zygote A zygote (from Greek ζυγωτός ''zygōtos'' "joined" or "yoked", from ζυγοῦν ''zygoun'' "to join" or "to yoke") is a eukaryotic cell formed by a fertilization event between two gamete A gamete ( /ˈɡæmiːt/; from Ancient Gree ...

zygote
, while the second sperm enters the central cell forming the endosperm mother cell, which completes the double fertilization process. Later the zygote will give rise to the embryo of the seed, and the endosperm mother cell will give rise to
endosperm 350px, right The endosperm is a tissue produced inside the seeds of most of the flowering plant The flowering plants, also known as Angiospermae (), or Magnoliophyta (), are the most diverse group of Embryophyte, land plants, with 64 Order(biolo ...
, a nutritive tissue used by the embryo. image:Ovary position.svg, upright 1.5, Insertion point: There are 3 positions of insertion of the ovary at the base of a flower: I superior; II half-inferior; III inferior. The 'insertion point' is where the androecium parts ''(a)'', the petals ''(p)'', and the sepals ''(s)'' all converge and attach to the receptacle ''(r)''. (Ovary= gynoecium ''(g)''.) As the ovules develop into seeds, the ovary begins to ripen and the ovary wall, the ''pericarp'', may become fleshy (as in berries or
drupe ), showing both fruit and seed Image:Nectarine Fruit Development.jpg, 300px, The development sequence of a typical drupe, a smooth-skinned (Peach#Nectarines, nectarine) type of peach (''Prunus persica'') over a -month period, from bud formation ...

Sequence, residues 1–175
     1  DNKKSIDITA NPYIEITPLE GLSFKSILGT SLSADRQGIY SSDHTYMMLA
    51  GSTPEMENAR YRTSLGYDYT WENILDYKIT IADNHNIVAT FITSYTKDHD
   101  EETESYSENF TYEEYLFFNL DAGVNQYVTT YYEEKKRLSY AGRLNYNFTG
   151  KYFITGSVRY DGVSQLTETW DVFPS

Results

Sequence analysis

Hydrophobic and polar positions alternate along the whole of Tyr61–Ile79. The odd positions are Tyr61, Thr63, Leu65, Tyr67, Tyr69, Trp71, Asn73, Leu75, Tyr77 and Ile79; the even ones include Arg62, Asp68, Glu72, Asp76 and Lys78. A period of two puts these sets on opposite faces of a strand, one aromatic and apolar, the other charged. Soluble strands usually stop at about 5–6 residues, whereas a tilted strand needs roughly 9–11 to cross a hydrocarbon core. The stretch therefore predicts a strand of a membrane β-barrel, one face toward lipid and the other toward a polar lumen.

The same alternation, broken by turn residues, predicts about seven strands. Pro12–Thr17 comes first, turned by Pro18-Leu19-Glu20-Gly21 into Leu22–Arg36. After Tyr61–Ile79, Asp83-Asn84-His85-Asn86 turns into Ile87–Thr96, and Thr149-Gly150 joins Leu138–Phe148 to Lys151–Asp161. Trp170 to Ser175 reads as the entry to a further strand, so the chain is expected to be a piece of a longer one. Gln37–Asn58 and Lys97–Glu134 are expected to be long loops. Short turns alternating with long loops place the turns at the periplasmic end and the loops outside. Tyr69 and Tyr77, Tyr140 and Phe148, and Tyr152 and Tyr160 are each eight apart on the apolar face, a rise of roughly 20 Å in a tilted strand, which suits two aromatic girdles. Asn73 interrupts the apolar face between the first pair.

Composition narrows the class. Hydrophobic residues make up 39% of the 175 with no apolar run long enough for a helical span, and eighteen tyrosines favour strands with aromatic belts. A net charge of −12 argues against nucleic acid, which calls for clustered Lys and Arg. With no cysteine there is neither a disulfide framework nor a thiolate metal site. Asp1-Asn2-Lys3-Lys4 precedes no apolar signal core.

s), or it may form a hard outer covering (as in nuts). In some multiseeded fruits, the extent to which a fleshy structure develops is proportional to the number of fertilized ovules. The pericarp typically is differentiated into two or three distinct layers; these are called the ''exocarp'' (outer layer, also called epicarp), ''mesocarp'' (middle layer), and ''endocarp'' (inner layer) —(see image of apple-section). In some fruits the
sepal Image:Mature flower diagram.svg, upright=1.4, Diagram showing the parts of a mature flower. In this example the perianth is separated into a calyx (sepals) and corolla (petals) A sepal ( or ) is a part of the flower of angiosperms (flowering pl ...
s,
petal upright=1.4, Diagram showing the parts of a mature flower. In this example the perianth is separated into a calyx (sepals) and corolla (petals) Petals are modified leaves that surround the reproductive parts of flower A flower, sometimes ...

petal
s,
stamen The stamen ( plural ''stamina'' or ''stamens'') is the pollen-producing reproductive organ of a flower. Collectively the stamens form the androecium., p. 10 Morphology and terminology A stamen typically consists of a stalk called the filament ...
s and/or of the flower fall away as the fleshy fruit ripens. However, for simple fruits derived from an ''
inferior ovary 300px, Longitudinal section of female flower of squash showing pistil (=ovary+style+stigma), ovules, and petals. The petals and sepals are above the ovary; such a flower is said to have an inferior ovary, or the flower is said to be epigynous. ...
'' —i.e., one that lies ''below'' the attachment of other floral parts, (see graphic re 'insertion point')— there are parts (including petals, sepals, and stamens) that fuse with the ovary and ripen with it. For such a case, when floral parts other than the ovary form a significant part of the fruit that develops, it is called an